Europe Must Choose

By Delusional Economics, who is unhappy with the current dumbed-down vested interest economic reporting the Australian public is force fed on a daily basis, and takes pleasure in re-reporting the news with “bad” parts removed, and a bit of contrarian balance thrown in. Cross posted from MacroBusiness

The big news from Europe last night was the “surprising” PMI numbers. But as usual the news also goes behind the headline.

The PMI again highlighted the underlying issues and delusion in Europe. As I have spoken about many times before, the European model is based on the fact that Germany is an industrial powerhouse which has suppressed its wages in comparison to its production compared to its neighbours. This has made it a large net exporter into Europe and therefore appear to be running a sustainable economy. But for that to be the case then other European nations needed to be net importers. Given the common currency, countries within Europe with differing productive capacity had a choice between labour markets or debt markets as their response mechanism. Given the liberalisation of the banking system and the illusion of credit risk symmetry across Europe many nations took the path of least resistance. Debt. By doing so they allowed Germany to continue to export into Europe under the illusion of sustainability, but as we have now seen this was a fool’s game. Weak political will in fiscal policy, the loss of national monetary control, de-regulated cross-boader banking and the single currency created an environment of massive imbalance.

We have now reached the point where that imbalance has lead to a crisis. The debt that accumulated in the periphery based on this model has now reached a point where it is unserviceable. But this has been a symbiotic relationship. The net exporters need the net importers to continually take on debt or they cannot finance the purchasing of their manufactures or maintain their banking systems that are based on loans to the indebted nations to continually fund those purchases. Demand that the periphery stop spending and down goes the whole ship. That is what we are now seeing.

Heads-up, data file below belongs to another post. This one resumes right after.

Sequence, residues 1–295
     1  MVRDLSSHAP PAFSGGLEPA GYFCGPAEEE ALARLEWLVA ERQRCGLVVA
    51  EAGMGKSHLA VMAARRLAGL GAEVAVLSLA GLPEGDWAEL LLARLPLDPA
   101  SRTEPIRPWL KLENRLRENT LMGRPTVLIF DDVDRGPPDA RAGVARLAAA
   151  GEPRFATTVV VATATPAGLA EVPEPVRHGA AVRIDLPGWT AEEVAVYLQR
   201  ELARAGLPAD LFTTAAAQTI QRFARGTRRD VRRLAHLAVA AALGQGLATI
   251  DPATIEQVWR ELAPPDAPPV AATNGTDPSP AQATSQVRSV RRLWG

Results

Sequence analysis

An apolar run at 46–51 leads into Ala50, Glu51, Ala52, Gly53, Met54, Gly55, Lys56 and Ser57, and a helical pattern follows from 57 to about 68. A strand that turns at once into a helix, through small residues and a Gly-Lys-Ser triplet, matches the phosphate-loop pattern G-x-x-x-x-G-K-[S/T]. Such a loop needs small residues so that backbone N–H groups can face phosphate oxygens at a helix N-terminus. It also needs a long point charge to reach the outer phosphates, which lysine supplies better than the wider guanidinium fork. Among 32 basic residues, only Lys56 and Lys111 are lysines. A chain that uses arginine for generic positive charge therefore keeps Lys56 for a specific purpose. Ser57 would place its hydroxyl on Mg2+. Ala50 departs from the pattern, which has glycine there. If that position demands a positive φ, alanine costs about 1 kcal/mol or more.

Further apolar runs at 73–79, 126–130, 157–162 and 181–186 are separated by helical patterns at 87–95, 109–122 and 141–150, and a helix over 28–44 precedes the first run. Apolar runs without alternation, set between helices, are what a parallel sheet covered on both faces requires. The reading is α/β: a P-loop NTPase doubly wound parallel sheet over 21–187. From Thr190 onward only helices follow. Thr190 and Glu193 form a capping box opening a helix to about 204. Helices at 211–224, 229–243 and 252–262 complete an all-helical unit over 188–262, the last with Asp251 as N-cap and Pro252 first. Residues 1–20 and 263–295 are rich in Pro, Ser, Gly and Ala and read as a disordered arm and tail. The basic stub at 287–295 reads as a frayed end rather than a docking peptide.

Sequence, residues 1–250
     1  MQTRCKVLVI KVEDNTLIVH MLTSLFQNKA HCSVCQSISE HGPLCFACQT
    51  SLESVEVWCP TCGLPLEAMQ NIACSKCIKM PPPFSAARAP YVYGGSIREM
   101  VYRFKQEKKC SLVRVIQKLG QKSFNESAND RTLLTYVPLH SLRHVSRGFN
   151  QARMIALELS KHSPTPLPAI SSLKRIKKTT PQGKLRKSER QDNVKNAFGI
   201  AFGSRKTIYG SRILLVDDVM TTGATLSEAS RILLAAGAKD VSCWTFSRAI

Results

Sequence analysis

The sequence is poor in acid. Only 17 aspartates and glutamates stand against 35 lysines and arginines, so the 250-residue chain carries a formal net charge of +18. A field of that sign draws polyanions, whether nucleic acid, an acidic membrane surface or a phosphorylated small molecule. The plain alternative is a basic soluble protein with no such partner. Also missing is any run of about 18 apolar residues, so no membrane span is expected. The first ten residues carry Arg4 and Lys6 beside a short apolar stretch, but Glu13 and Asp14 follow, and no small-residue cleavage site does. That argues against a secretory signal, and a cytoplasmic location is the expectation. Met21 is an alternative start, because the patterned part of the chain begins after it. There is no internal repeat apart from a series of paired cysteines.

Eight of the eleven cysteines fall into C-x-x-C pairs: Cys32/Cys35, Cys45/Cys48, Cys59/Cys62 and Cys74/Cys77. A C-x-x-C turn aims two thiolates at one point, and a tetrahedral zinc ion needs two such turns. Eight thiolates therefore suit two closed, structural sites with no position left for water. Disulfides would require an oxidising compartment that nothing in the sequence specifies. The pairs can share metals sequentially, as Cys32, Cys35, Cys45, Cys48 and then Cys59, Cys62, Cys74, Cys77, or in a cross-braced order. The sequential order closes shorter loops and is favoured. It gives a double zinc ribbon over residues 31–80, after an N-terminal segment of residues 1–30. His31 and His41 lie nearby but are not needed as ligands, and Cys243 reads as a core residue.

Anyone making assumptions that there will be a recovery based on anything but a bailout or a write-off simply doesn’t understand the macroeconomic environment of Europe. That is why I have been stating for some time that this is an issue of leadership. Europe must choose its poison, it simply has no other choice.

Yet, even members of the ECB seemed to be completely confused about this point:

European Central Bank Vice President Vitor Constancio said sustained bond purchases by the central bank would only delay the fiscal adjustments that governments need to make.

“The secondary market purchases are not, and cannot be used to circumvent the principle of budgetary discipline as a pillar of Economic and Monetary Union,” Constancio said at an event in Frankfurt tonight, according to a text of his speech published by the ECB. “Sustained buying of government paper by the central bank would only postpone problems and delay the necessary fiscal adjustments, ultimately resulting in a build-up of inflationary pressures.”

The comments underscore the ECB’s reluctance to continue buying the bonds of distressed euro-area governments to contain a sovereign debt crisis that’s now threatening to engulf Italy and Spain. It was forced to re-start the purchases last month after governments failed to convince investors they can solve the crisis which, according to a research paper published by the ECB today, is putting the survival of the euro at risk. ECB Executive Board member Juergen Stark, a co-author of that paper, resigned this month to protest the bond purchases.